Some years ago Lesa Mitchell, who is vice president of the Ewing Marion Kauffman Foundation, one of North America’s largest private foundations dedicated to entrepreneurship and community engagement, hosted a seminar on women and technology in Silicon Valley. The “women in tech” topic was trendy, and she hoped she’d be in for a crowd. But only two women showed up. (One of them was former Google whiz kid and current Yahoo top dog Marissa Mayer.)
Mitchell’s seminar was part of a large tech industry conference, and men far outnumbered the women in attendance. The organizers griped to Mitchell about “how hard it was to get women out” to the event. Turns out, many more women had been invited than actually showed up. They simply opted not to attend.
I get where these women were coming from.
There was a time when I wasn’t all that crazy about attending networking activities like conferences or wine and cheese events. The munchies were great, the free wine even better, but in all honesty, when my choices were an evening of schmoozing with strangers or Taco Tuesdays with my family, networking took a backseat every time. Besides, I rationalized. It’s not like networking was actually, you know, paying work.
And that’s where I was so wrong. Because networking really does pay. Especially if you’re in business. And because there are so many time-starved women who, like me, opt out of networking, it turns out there are a whole lot of us missing out not only on career and business opportunities but also on cold hard cashmoney.
Research from the Ewing Marion Kauffman Foundation suggests that women entrepreneurs, especially those in technology, raise 70 per cent less capital than men do. And the reason, according to Lesa Mitchell, is that we lack access to networks. We don’t have them, she says, and when we do, we still struggle to fi gure out how to actually use them.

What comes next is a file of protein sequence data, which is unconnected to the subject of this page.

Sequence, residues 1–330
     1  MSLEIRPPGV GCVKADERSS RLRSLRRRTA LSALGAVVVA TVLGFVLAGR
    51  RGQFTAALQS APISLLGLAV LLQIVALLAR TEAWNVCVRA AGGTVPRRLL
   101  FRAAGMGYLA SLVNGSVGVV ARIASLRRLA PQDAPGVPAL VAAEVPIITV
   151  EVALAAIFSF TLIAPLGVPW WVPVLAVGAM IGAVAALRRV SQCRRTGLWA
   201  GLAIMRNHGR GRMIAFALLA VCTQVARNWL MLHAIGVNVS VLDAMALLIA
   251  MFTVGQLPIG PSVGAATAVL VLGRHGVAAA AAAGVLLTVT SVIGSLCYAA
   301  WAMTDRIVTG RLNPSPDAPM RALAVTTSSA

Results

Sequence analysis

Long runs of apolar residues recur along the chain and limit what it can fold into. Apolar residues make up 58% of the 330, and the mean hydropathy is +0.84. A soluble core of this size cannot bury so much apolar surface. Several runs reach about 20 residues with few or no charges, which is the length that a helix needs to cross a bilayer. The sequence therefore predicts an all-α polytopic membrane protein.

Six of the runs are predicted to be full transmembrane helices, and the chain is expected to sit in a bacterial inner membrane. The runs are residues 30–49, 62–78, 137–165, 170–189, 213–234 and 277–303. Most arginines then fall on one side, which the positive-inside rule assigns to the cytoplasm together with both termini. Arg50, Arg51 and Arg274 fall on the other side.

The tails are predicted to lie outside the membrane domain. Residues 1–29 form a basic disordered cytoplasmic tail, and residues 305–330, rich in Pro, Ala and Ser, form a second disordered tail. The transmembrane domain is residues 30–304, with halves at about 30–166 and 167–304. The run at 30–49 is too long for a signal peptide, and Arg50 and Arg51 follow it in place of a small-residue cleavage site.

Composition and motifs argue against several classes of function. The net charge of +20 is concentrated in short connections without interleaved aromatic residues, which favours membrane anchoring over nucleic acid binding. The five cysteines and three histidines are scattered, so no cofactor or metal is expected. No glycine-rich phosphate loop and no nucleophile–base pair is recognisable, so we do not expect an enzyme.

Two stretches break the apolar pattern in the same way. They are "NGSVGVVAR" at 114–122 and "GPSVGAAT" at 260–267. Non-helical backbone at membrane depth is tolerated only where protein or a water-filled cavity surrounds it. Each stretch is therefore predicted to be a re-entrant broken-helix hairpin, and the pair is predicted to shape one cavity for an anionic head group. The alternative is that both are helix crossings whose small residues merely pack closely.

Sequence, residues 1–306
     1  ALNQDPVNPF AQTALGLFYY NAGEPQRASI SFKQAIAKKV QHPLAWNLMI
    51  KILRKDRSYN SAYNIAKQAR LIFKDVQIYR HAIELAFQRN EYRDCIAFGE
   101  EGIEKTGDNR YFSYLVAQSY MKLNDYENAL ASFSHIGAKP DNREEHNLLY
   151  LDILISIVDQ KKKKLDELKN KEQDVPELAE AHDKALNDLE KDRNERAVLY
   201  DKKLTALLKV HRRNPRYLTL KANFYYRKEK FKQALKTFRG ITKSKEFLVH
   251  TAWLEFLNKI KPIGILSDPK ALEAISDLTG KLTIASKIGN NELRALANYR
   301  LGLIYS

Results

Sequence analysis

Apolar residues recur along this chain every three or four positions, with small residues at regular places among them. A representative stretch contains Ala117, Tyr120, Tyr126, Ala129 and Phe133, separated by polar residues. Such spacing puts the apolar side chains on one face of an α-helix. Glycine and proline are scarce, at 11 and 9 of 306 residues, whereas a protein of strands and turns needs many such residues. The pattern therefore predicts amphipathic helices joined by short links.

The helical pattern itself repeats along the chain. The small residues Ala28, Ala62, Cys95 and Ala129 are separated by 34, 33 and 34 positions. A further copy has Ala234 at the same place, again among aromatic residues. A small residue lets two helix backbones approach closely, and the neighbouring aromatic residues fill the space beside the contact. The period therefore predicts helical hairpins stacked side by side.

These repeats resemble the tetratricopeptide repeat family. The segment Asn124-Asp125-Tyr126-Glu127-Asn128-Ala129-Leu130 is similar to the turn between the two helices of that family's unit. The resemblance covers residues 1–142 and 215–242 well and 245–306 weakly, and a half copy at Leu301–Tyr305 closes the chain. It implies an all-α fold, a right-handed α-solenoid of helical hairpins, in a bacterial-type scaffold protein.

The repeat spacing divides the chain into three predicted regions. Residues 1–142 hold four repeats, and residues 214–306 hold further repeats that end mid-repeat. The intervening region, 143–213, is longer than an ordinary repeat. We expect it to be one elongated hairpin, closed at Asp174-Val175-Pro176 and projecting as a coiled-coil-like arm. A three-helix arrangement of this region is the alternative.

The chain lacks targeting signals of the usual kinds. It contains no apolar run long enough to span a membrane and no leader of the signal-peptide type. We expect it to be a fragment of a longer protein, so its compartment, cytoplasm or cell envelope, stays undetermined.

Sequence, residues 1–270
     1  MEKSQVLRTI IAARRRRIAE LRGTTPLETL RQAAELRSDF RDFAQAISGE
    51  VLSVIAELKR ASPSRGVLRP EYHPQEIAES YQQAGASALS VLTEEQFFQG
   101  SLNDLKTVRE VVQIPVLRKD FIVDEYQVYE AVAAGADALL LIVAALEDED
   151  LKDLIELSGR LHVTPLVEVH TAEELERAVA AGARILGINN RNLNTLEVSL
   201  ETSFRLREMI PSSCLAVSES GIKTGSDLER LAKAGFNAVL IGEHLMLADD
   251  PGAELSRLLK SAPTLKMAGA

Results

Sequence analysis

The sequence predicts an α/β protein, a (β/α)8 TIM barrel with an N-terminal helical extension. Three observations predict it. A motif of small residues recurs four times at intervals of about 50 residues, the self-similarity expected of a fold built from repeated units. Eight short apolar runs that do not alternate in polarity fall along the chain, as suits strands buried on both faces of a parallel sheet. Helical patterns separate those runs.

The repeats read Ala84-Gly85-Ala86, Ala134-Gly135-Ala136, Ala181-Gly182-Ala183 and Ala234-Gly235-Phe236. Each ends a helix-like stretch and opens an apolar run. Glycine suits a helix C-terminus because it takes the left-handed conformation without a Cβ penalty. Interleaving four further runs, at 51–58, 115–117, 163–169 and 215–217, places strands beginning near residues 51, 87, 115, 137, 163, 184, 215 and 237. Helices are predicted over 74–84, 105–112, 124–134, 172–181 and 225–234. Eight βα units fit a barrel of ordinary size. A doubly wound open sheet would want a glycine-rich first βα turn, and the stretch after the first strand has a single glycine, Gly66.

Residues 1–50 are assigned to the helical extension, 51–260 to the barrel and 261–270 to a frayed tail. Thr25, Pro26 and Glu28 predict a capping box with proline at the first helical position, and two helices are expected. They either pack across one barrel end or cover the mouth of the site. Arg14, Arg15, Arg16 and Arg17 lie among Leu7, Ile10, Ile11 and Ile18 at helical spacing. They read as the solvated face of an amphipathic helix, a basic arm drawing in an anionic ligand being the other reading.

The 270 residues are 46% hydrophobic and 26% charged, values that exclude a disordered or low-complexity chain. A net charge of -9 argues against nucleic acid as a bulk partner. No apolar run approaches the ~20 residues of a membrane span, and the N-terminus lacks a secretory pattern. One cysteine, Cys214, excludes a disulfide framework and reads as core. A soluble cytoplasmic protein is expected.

One of the key challenges, she pointed out in a recent interview, is that women don’t always make time for networking, especially in situations where there’s no immediate payoff (i.e. no specifi c reason to attend the event). More research, such as one study that suggested women were more likely to pull out of networking events they’ve already committed to attending, backs her up.
I observe this everywhere. Male entrepreneurs I know are often meeting each other for coffee and talking shop. Meanwhile, my female counterparts and I are torn between the huge, urgent pile of work on our desks, and the little (and big) people who need us at home.
But think about this: how many opportunities have come your way completely out of thin air? Now think about how many have arrived at your doorstep because you knew someone who knew someone else, who suggested you check into something and BAM – a new pathway opens up.
In the last year, my business has taken some leaps and every single one of the leaps has come directly from my network. Insights and opportunities I gleaned not from my oldest dearest friends, but from newfound friends I’ve met while networking.
One of the reasons men are able to raise more capital, Mitchell argues, is that they consciously cultivate networks by attending conferences and events where investors are likely to be. Simply put: they put in the time beforehand, and when they need the money, the relationships are in place.
I have a good friend who went from unknown to internationally recognized in under three years. Her secret: The belief that her “network is her net worth.”
Meanwhile, I continue to sit around many discussion tables only to listen to complaints about “old boys clubs.” I get it, I do. Gender bias is real. But you know something else that’s real? The transformative power of new relationships on careers and businesses. Taco Tuesdays rock, but this year I’m committing to let Dad wear the sombrero while I grow my network. My wish is that you do as well.